Point/Counter

Would you implant a multifocal IOL in a patient with age-related macular degeneration?

Click here to read the Cover Story, "Retinal OCT before cataract surgery increasingly helps guide treatment choices."

POINT

Multifocal IOLs a great help

Patients with macular degeneration experience great frustration. They are losing their independence and their ability to read. Often they are no longer able to drive and to engage in activities they loved doing. Several articles have listed depression as something not uncommon among patients with AMD. Therefore, I am a believer that these patients should be helped as much as possible while maintaining realistic expectations so they do not become discouraged even more.

Cynthia A. Matossian, MD, FACS
Cynthia A. Matossian

If somebody with AMD has a cataract that requires surgery, I work closely with the retina specialist. We plan the operation together and co-monitor the patient. Establishing a good dialogue between the retina specialist, the cataract surgeon and the patient is essential. Once the retina specialist says the macula is stable, I discuss the option of a multifocal or extended depth of focus lens with the patient. I generally prefer a multifocal to give patients the highest possible magnification so that they are able to read the best they possibly can with their underlying pathology. I tell my patients that they will need bright light for reading, that bright light is their friend and that they can still wear reading glasses on top of the built-in reading glasses they now carry inside their eyes. Often these are patients who do not drive anymore or do limited daytime driving just to the grocery store and back. Therefore, nighttime halos, glare or other light phenomena no longer are an issue.

Considering all these aspects, I do not see a downside of using multifocal IOLs in patients with AMD as long as realistic expectations are set for the patient and his/her family. Many of these eyes are treated with intravitreal injections, and the retina specialists I work with have become acquainted with performing the injection looking through multifocal IOL optics.

Cynthia A. Matossian, MD, FACS, is an OSN Cataract Surgery Board Member. Disclosure: Matossian reports she is a consultant for Johnson & Johnson and Alcon.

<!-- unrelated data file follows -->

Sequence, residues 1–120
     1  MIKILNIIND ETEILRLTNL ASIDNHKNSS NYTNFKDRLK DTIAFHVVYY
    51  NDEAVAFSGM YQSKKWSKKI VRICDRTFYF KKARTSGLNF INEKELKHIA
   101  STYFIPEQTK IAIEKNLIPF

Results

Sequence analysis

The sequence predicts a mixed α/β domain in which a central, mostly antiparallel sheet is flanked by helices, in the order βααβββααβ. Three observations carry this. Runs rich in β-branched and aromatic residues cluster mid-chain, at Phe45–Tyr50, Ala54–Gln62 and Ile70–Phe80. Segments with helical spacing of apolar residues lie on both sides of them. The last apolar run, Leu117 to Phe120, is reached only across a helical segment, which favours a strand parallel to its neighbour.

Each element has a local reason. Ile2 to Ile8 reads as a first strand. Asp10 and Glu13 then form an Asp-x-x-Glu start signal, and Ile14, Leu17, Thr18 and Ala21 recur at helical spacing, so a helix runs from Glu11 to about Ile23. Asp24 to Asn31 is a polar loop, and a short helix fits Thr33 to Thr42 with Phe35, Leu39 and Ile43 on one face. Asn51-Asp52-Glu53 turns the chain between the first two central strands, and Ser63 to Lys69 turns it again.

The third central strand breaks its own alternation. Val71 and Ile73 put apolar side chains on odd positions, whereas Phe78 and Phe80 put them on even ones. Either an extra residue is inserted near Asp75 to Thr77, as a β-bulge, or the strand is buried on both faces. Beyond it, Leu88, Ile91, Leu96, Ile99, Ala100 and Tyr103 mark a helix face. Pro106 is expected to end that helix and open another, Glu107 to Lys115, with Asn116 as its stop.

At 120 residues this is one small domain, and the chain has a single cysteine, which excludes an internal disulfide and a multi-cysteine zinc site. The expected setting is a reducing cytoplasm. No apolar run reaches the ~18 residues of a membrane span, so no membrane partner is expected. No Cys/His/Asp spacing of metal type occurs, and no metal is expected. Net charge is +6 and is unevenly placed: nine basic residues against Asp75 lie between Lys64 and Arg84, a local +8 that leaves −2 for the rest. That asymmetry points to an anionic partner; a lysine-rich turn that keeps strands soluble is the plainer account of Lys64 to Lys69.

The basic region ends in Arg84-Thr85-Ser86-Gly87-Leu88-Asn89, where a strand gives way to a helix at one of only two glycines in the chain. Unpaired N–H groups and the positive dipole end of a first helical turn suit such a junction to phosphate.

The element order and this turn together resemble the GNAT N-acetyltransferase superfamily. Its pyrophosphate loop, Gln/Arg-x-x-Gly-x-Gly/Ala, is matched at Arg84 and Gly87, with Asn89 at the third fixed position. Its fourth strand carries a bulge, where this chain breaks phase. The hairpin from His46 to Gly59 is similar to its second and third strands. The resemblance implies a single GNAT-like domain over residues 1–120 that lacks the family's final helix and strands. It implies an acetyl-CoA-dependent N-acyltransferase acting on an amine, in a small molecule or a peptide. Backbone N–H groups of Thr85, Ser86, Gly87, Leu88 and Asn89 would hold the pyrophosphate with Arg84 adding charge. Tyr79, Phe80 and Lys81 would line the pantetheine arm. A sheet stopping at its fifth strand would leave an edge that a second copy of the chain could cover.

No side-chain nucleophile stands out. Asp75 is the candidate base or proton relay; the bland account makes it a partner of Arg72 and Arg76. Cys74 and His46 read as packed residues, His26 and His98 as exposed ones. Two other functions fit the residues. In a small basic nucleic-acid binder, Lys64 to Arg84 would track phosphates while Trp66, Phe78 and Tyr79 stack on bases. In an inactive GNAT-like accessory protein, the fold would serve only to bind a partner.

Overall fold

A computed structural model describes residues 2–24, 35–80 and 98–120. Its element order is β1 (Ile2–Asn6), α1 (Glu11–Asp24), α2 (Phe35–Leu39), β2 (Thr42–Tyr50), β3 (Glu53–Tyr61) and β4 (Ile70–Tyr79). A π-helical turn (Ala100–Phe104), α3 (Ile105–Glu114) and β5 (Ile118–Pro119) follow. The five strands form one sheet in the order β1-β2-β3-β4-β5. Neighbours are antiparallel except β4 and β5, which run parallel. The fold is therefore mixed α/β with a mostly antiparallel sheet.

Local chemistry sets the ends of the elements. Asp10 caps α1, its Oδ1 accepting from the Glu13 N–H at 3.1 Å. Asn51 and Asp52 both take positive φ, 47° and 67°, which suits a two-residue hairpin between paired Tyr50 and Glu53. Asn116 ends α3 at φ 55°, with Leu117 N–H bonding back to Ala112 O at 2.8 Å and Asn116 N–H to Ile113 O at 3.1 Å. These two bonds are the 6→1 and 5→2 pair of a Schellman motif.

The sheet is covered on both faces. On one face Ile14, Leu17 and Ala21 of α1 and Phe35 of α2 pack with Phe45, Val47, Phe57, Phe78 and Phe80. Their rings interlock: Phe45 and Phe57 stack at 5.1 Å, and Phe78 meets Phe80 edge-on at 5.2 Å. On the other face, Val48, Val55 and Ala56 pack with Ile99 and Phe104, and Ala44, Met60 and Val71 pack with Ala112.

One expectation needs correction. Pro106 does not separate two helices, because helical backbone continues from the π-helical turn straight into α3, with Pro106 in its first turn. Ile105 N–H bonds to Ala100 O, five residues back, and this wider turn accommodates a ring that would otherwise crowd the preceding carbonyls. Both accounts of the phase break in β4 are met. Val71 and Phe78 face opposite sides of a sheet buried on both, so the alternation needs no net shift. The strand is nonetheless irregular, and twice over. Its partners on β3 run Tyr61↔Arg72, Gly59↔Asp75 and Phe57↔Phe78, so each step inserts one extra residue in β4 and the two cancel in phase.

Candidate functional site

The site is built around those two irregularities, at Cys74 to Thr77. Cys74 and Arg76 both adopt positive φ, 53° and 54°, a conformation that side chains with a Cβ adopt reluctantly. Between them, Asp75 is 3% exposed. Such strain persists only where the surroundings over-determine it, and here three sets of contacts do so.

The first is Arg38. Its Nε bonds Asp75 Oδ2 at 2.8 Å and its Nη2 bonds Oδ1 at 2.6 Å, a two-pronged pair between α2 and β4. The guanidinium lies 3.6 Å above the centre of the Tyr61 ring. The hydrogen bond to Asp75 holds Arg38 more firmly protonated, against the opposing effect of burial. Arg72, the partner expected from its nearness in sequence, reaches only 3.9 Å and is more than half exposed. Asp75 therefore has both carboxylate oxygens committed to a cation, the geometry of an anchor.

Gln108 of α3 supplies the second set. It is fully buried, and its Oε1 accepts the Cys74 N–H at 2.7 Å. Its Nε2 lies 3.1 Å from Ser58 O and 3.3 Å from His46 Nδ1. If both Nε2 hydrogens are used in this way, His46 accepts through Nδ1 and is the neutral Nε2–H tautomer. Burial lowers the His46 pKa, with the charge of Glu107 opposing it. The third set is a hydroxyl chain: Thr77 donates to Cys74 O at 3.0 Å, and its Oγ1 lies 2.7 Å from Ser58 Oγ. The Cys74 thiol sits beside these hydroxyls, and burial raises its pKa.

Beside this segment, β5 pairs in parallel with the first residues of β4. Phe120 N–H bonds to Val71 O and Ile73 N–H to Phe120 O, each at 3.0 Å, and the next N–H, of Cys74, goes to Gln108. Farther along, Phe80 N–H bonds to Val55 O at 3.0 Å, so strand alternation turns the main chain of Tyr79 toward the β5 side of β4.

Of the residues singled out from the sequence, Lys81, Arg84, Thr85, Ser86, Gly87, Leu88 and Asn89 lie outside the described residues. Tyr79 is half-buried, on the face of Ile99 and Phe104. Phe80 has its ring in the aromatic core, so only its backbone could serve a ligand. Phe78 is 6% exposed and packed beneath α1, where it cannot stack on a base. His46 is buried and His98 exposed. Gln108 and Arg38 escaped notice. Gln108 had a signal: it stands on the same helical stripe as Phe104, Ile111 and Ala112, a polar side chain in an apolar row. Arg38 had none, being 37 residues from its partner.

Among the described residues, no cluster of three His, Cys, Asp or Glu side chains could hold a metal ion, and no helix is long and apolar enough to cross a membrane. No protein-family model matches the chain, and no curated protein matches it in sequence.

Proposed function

COUNTER

Multifocal IOLs exacerbate problems

Kathryn M. Hatch, MD
Kathryn M. Hatch

In general, I would not use multifocal IOLs in patients with AMD. Certainly, there are varying degrees of AMD, ranging from mild pigmentary changes and drusen in the macula to the advanced stages of wet or atrophic AMD. Most people with early AMD are typically asymptomatic and do not even realize they have the disease. However, the concern is that, with aging and deterioration, multifocal lenses might become a further cause of visual problems, psychological distress and degradation of visual quality. The light-splitting multifocal optics, with alternating refractive power for distance and near, can increase the risk for dysphotopsias and reduce optical quality, ultimately compounding the visual deficits caused by the macular pathology. Ideally, we should use multifocal lenses only in healthy eyes with no comorbidities to achieve optimal results and satisfied patients. Extended depth of focus and low-add multifocal lenses could be carefully considered in particular patients with significant counseling and discussion. Given that there is an approximate 1:300 risk for persistent dysphotopsia after multifocal IOL requiring explantation in healthy eyes, patients must understand the risks.

With progression of disease, a decision to exchange the IOL may be necessary. It is typically preferred to perform a lens exchange in the early stages after cataract surgery, typically in the first few months before the capsular bag has fibrosed around the lens. A lens can be removed at a later time, even years after cataract surgery, but the risk for capsular damage, vitreous prolapse and retinal problems can occur. In an eye that has a preexisting macular condition, lens exchange could exacerbate the disease.

There are other alternatives to multifocal IOL that may work well. “Blended vision,” for example, with one eye targeted for distance and the second eye for slightly near vision (approximately –0.75 to –1), can be used successfully in many patients. True monovision (distance dominant eye for distance and nondominant eye for reading –1.75) is also an option for patients, but I would only consider it in patients who are successfully using monovision before cataract surgery in their day-to-day life, typically with contact lenses, as many patients cannot tolerate it. Other types of lenses, such as accommodating lenses, could also be considered. And as previously mentioned, in particular patients with mild or perifoveal disease, with careful consent you could consider a low-add multifocal or EDOF. These IOLs are not an absolute contraindication, but there has to be a lot of counseling, you have to find the right candidates, and they have to be well informed.

Kathryn M. Hatch, MD, is an OSN Technology Board Member. Disclosure: Hatch reports she is a consultant for Johnson & Johnson and Carl Zeiss Meditec.